CI Fuzz is capable of coverage-guided fuzzing for Java-based REST and GRPC APIs. This section will guide you through the initial setup of a Web API fuzzing project.
Before you proceed with this guide, you should first:
- Install CI Fuzz.
- Create a project in CI Fuzz for your web application.
- Configure your Web API using the template project.
Your Web API can run anywhere as long as it is reachable from the server hosting CI Fuzz. Port details are provided below.
Typically, this would be one of the following:
- On the CI/CD server (gitlab/github/jenkins server)
- On the CI Fuzz server
- A separate server (e.g. your integration testing cluster)
If you choose to run your Web API on a separate server from the one hosting CI Fuzz, you need to make sure that:
- The Web API is exposed on a network interface and the port on which it is running is reachable from CI Fuzz.
- Ports 443 or 80 and 6777-7777 on the server running CI Fuzz are reachable from the server hosting your Web API.
javaagent is responsible for instrumenting the Web API to collect coverage information. This coverage information is sent back to CI Fuzz to help it determine which code paths to follow and how to mutate the inputs to your Web API. The CI Fuzz Agent is deployed with your Web API.
CI Fuzz will provide the command line argument that is needed to deploy the agent alongside your target application:
- Open CI Fuzz in your browser
- From the left sidebar, select your project from the dropdown menu.
- Click Project Settings
- Click WEB SEVICES
- Click the ADD WEB SERVICE button.
- Add a name in the Web Service Identifier textbox. The name/identifier can be whatever you like, but it must match the name in the
.code-intelligence/web_services.yamlfile. If you used the template project, the name is
- If the target application is not running on the same server as CI Fuzz, click Use Custom Fuzzing Server Settings to specify the host and port where the CI Fuzz Agent can reach CI Fuzz. The host
- Click NEXT.
- Select JAVA
- Copy the appropriate command line argument (depending on if your application uses JAVA_OPTS or not).
Here is an example
javaagent argument string:
javaagent supports the following parameters:
path/to/downloaded/fuzzing_agent.jar - set the path of the
javaagentmust be available to the Web API The recommended way to acquire the
javaagent(fuzzing_agent.jar) is to use the command
cictl get javaagentto download it. There is an example of this below.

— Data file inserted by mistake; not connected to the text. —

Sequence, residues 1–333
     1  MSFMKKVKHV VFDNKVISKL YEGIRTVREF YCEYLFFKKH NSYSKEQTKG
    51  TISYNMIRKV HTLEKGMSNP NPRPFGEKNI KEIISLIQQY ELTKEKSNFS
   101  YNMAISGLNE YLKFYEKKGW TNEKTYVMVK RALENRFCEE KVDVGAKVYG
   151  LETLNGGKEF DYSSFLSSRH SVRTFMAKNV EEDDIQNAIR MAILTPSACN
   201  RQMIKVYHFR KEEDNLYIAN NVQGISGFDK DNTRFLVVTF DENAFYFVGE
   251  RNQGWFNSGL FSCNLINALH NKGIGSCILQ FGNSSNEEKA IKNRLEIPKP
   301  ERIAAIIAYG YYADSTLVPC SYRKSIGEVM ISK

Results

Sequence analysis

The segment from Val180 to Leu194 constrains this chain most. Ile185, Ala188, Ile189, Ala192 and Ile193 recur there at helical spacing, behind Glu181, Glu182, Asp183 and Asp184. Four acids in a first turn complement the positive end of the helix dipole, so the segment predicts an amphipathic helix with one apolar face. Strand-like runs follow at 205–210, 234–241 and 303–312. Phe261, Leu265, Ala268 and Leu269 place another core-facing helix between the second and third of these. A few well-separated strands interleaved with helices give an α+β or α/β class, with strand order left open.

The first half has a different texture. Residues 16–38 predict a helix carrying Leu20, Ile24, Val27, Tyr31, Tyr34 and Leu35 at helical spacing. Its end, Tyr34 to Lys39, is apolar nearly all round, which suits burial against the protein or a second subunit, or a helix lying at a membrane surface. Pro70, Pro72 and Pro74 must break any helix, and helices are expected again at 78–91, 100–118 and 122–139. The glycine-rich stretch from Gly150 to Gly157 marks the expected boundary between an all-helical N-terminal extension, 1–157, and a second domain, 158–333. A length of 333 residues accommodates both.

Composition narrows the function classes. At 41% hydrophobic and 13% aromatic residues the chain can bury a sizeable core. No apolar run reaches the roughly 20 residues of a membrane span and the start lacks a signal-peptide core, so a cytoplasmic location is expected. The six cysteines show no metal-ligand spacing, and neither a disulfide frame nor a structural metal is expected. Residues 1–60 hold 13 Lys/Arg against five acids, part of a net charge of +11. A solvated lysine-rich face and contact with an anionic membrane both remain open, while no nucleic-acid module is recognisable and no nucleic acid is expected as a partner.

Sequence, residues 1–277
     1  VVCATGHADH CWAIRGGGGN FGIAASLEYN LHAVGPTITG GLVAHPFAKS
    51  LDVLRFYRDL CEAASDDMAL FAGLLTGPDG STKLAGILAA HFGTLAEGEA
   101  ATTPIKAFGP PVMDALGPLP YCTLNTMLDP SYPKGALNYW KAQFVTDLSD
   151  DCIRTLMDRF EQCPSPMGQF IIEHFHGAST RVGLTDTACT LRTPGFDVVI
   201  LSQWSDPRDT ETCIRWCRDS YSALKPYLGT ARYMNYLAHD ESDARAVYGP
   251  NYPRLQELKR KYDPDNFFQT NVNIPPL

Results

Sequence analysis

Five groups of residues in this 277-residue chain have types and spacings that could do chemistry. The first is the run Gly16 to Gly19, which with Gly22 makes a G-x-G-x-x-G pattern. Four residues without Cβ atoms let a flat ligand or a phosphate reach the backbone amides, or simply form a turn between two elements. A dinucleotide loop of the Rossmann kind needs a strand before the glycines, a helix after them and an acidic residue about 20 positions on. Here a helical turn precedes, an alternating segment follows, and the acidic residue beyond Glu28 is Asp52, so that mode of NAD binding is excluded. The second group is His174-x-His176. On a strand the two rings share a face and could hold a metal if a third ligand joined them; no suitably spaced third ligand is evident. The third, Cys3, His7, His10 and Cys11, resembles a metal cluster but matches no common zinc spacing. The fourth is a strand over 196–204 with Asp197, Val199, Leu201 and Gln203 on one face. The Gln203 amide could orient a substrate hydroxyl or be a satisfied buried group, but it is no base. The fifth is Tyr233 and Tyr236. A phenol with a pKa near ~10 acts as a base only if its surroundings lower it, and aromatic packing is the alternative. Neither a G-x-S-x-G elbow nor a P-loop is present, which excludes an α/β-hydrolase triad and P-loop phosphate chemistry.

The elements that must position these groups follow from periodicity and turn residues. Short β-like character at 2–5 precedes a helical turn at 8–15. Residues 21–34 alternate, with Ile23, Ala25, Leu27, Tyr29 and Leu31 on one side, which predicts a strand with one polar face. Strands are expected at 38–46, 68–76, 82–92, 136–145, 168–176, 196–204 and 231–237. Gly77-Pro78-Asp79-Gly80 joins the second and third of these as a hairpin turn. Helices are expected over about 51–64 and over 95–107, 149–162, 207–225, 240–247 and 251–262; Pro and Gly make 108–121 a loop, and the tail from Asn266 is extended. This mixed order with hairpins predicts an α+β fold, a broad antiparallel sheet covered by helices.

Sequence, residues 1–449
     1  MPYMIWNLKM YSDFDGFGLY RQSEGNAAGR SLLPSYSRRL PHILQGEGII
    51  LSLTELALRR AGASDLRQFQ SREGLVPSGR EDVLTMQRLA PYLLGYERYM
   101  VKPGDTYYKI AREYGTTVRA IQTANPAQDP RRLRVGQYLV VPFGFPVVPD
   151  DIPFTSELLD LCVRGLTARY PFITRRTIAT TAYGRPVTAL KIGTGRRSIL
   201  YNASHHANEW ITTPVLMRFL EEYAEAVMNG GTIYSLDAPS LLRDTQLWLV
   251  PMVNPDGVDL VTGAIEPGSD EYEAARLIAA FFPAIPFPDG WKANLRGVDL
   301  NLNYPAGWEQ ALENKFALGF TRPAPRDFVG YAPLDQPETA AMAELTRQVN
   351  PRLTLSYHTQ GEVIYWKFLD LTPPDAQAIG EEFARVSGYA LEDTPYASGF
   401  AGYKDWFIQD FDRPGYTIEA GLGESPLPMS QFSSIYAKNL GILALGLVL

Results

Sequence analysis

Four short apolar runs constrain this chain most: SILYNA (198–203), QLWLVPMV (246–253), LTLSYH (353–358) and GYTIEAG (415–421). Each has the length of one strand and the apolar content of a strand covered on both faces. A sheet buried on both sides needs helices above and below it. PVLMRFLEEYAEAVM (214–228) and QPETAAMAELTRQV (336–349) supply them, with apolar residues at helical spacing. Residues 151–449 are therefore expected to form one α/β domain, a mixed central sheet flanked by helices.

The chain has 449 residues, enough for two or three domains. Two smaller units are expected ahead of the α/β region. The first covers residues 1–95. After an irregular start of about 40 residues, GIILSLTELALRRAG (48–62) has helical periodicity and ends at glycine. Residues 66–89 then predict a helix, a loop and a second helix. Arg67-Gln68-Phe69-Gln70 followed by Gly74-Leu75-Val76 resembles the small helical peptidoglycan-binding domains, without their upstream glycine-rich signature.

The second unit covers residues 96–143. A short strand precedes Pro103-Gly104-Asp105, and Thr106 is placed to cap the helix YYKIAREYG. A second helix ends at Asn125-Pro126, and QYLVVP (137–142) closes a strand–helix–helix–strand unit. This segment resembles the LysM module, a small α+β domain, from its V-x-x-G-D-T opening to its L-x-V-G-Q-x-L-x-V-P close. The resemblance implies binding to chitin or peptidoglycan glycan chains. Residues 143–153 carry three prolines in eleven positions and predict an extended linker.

service_name - a name which should be unique to be distinguishable from other services e.g.
service_name=projects/example-9070daab/web_services/example. This is typically generated for you by CI Fuzz during web service creation.
api_token - the
javaagentneeds the CI Fuzz API token to authenticate to CI Fuzz.
instrumentation_includes - a
:separated list of package glob patterns to include in the instrumentation e.g.
instrumentation_includes=com.google.**:com.example.**. Only the feedback that is received for the specified package patterns will affect the fuzzing input generation and path discovery of the code. Though not technically required, failure to specify will result in the
javaagentinstrumenting all packages (including native Java packages). This typically results in the JVM running out of memory as well as the fuzzer spending time exploring packages that you may not be interested in.
tls - set to
trueif CI Fuzz has TLS enabled, otherwise set to
true, this will encrypt the communication between CI Fuzz and the
javaagent. The gRPC communication between the fuzzer and
javaagentis still unencrypted.
cert_file - The location of the certificate of the CA that signed the TLS certificate of the CI Fuzz server. Only required if the cert is not signed by a public CA.
fuzzing_server_host - use a host name that is listed in the server’s TLS certificate, otherwise the TLS connection will fail.
fuzzing_server_port - port where CI Fuzz can be reached.
This is an example Gitlab CI job that will start a Java Web API with
javaagent on another server. In this example, the deployment server already has the cictl tool and uses it to download the
javaagent. You can also download the java agent in the CI/CD pipeline and then copy it to the deployment server.
deploy: stage: deploy image: cifuzz/ubuntu-ssh before_script: - eval $(ssh-agent -s) - echo ""$SSH_PRIVATE_KEY"" | tr -d '\\r' | ssh-add - - mkdir -p ~/.ssh - chmod 700 ~/.ssh - echo ""$SSH_KNOWN_HOSTS"" >> ~/.ssh/known_hosts - chmod 644 ~/.ssh/known_hosts variables: DEPLOY_HOST: azureuser@on-prem-l000003 script: - echo ""Kill currently running app..."" - ssh $DEPLOY_HOST pkill -f rest-service || true - echo ""Copy app binary..."" - ls build/libs - scp build/libs/rest-service-?.?.?.jar $DEPLOY_HOST:~ - echo ""Prepare CA certificate for connecting to CI Fuzz..."" - cat $CA_CERT - scp $CA_CERT $DEPLOY_HOST:~/CA.pem - echo ""download correct version of java agent from CI Fuzz server"" - ssh $DEPLOY_HOST ""echo $CI_FUZZ_API_TOKEN | ./cictl login -s $FUZZING_SERVER"" - ssh $DEPLOY_HOST ""./cictl get javaagent -s $FUZZING_SERVER"" - echo ""Run app..."" - FUZZING_SERVER_HOST=$(echo $FUZZING_SERVER|cut -d ':' -f 1) - FUZZING_SERVER_PORT=$(echo $FUZZING_SERVER|cut -d ':' -f 2) - echo "java -javaagent:fuzzing_agent.jar=fuzzing_server_host=$FUZZING_SERVER_HOST,fuzzing_server_port=$FUZZING_SERVER_PORT,service_name=$PROJECT/web_services/mywebservice,api_token=$CI_FUZZ_API_TOKEN,cert_file=CA.pem,instrumentation_includes=\\""com.cifuzzexample.\*\*\\"" -Dserver.port=$SUT_PORT -jar rest-service-\*.jar > output.log 2>&1 &" > javacommand - scp javacommand $DEPLOY_HOST:~ - ssh $DEPLOY_HOST ""chmod u+x javacommand && ./javacommand""